Updated: Apr 30
Looking to the Future of Disability Employment in the US
For a man who spent his entire professional career advocating for disability rights and passing disability legislation within the U.S., former Senator Thomas Richard Harkin is the first to say that there is much more work to do to limit the current inequalities faced by Americans with disabilities, especially within the workforce where individuals with disabilities are grossly underrepresented.
Born into a lower-class family with a brother who is deaf, Harkin realized early on the injustices and societal perceptions that came along with a disability, where “people were just isolated from society” and treated as less than human. This personal perspective was something he has carried closely through his entire career, culminating in his co-sponsorship of the Americans with Disabilities Act (ADA) of 1990 that attempted to undo the systematic discrimination against individuals with disabilities. The ADA was later used as a framework for the United Nations Conventions on the Rights of Persons with Disabilities.
And yet, the ADA on its own is not enough to unravel generations of systematic injustices. Harkin, now retired from his place in Congress, sees work that needs to be done to move disability advocation forward into the future and establish a country where all individuals with disabilities are represented and protected in their careers.
When asked what he would change about the ADA, Harkin points first to Title I, which covers employment for individuals with disabilities. He’s adamant that the stipulations of the legislation did not do enough to increase the employment opportunities of individuals with disabilities in the workforce.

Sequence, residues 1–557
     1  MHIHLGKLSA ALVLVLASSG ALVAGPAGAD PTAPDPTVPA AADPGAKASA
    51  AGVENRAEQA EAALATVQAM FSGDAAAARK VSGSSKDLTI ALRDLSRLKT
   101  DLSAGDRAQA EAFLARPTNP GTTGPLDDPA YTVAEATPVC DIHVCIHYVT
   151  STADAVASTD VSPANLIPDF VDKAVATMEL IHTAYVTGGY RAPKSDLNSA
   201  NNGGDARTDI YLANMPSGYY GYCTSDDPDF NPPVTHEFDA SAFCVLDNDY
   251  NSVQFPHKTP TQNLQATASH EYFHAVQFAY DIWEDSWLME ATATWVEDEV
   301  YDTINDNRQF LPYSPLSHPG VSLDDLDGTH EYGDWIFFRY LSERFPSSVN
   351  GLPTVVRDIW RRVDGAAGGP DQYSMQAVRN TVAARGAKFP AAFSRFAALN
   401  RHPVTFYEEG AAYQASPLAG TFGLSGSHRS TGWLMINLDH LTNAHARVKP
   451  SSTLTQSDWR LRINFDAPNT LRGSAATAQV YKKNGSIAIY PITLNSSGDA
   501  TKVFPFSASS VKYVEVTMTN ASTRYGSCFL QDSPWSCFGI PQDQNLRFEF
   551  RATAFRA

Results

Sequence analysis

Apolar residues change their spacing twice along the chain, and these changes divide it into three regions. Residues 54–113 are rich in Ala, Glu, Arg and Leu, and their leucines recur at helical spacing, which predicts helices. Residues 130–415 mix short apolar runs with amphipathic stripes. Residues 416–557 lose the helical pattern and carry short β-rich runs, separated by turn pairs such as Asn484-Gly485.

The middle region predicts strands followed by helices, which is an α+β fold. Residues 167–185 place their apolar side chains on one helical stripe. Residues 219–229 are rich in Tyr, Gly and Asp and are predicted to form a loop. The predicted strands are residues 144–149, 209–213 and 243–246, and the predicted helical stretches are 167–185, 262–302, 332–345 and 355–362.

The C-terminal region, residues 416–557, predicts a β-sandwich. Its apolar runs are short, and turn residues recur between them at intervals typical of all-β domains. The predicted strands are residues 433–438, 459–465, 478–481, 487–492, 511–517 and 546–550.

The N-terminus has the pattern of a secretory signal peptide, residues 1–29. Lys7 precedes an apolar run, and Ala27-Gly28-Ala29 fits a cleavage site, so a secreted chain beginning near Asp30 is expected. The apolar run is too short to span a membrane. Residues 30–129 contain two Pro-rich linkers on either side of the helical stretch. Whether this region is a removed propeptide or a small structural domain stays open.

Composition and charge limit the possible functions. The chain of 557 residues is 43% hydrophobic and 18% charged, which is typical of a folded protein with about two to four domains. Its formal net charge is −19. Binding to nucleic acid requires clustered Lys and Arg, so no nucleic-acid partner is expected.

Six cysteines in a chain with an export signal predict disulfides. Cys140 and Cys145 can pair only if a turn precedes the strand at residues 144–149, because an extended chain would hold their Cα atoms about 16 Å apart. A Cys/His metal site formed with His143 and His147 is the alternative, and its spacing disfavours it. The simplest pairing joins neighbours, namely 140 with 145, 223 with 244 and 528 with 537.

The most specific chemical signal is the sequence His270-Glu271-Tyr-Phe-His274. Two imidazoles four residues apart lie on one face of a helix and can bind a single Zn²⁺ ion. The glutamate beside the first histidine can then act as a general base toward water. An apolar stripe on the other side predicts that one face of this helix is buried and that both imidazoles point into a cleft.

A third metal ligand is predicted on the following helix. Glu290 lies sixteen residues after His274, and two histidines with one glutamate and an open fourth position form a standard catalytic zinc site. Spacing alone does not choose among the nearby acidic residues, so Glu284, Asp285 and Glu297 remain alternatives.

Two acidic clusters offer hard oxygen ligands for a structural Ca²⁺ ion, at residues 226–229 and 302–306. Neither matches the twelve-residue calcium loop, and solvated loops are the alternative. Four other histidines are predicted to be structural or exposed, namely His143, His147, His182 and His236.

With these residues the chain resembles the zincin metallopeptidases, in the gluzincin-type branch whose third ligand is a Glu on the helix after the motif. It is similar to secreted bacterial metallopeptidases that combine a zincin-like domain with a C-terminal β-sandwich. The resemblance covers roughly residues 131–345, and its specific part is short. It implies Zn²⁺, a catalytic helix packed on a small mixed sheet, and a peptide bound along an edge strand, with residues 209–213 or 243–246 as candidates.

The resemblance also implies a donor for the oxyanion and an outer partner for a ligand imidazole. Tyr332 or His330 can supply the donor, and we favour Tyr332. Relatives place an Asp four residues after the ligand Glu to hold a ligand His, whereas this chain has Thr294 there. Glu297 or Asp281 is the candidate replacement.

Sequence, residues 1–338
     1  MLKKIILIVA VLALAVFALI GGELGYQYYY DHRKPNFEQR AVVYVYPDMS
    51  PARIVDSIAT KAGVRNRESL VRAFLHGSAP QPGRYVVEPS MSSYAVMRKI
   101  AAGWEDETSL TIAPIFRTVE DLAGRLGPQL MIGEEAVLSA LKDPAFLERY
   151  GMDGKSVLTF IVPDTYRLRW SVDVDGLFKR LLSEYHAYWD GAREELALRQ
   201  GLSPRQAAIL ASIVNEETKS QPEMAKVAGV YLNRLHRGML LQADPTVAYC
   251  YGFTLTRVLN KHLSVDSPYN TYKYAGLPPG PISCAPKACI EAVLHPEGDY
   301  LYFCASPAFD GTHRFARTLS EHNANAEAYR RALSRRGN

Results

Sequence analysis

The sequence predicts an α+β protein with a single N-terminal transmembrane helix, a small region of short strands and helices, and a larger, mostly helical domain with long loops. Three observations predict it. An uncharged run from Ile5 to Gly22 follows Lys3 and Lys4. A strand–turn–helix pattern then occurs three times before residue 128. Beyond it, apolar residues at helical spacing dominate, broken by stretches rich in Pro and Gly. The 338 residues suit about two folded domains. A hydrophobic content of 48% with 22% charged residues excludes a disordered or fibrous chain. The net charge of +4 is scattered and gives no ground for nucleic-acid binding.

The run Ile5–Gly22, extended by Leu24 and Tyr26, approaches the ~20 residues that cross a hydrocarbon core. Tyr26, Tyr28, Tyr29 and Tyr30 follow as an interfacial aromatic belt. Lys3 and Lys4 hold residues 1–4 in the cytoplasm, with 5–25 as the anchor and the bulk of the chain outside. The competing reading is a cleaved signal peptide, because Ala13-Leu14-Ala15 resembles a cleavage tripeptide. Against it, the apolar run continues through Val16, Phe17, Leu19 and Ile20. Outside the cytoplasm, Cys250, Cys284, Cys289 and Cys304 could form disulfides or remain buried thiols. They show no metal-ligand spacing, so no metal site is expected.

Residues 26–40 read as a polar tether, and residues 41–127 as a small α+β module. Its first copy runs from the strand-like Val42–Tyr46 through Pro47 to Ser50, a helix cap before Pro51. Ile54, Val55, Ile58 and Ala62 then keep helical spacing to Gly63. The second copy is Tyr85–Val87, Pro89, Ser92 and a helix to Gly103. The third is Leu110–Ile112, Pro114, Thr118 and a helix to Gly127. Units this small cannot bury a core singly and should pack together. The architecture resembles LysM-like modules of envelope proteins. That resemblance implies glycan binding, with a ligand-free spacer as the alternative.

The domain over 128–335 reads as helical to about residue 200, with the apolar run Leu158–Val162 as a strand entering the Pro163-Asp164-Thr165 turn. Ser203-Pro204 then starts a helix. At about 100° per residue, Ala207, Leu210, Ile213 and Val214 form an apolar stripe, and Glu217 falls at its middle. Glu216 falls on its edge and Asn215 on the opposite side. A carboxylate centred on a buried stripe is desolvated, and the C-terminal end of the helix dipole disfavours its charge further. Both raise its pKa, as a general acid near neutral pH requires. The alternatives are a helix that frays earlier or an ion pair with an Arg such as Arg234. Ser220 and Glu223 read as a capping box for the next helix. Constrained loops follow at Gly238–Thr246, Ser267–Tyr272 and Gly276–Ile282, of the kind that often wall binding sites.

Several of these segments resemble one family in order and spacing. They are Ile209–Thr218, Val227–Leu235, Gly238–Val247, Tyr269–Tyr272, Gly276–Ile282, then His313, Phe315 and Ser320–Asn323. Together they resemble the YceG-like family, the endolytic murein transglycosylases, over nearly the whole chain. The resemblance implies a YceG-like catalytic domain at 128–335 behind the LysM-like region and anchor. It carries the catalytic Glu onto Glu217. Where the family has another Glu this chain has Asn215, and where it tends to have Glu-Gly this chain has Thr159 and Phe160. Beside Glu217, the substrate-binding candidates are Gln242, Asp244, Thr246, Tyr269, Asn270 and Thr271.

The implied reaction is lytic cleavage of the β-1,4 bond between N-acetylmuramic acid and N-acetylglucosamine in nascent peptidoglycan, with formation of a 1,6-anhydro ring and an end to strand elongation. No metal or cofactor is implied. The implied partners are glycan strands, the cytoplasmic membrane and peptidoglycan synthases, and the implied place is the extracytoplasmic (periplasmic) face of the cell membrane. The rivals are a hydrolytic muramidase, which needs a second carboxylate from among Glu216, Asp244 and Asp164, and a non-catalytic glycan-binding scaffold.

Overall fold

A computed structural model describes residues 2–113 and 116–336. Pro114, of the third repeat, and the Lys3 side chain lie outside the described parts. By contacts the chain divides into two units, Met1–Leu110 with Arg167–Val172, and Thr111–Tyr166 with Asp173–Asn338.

The unemployment rate of Americans with disabilities is one of the highest of any minority group and yet it is not often included under diversity portfolios of employers. Instead, diversity tends towards race, gender, and sexual orientation, stepping over the group of Americans with disabilities that are historically considered a ‘burden’ on employers. But is that true? Harkin is adamant that it isn’t. With a few slight accommodations at the workplace to ensure that a job can be performed, individuals with disabilities are loyal, hardworking, and offer profound insight and perspectives that aren’t often heard.
What is needed for the future? Role models. Harkin points to the power of being the first to burst past barriers on the way to accurate representation and thus equal consideration in American legislation. We have seen it as female legislators burst through barriers, and again and again with the first African American legislators, the first Latino legislators, the first Native American legislators, the first openly gay legislators -- if a number of individuals with disabilities continue to find their way to Congress and local public offices, perspectives and voices may continue to be gained and young people empowered to change the trajectory of American society.
As Harkin insists, the time for individuals with disabilities to be pushed into the backseat is over. It is time for disability advocates to push society forward towards a future of accurate representation and diverse perspectives. It is time for individuals with disabilities to gain their voices in the workplace and on the national stage.
Written by Ryan Trombly
Ryan Trombly was diagnosed with Cerebral Palsy when she was eighteen months old. The disability causes right-side hemiparesis that affects the entire right side of her body, weakening her muscles and limiting her mobility in everyday activities. Despite this, Ryan had strived to live a normal, independent life without any barriers and hopes to use her voice to advocate for the disability community.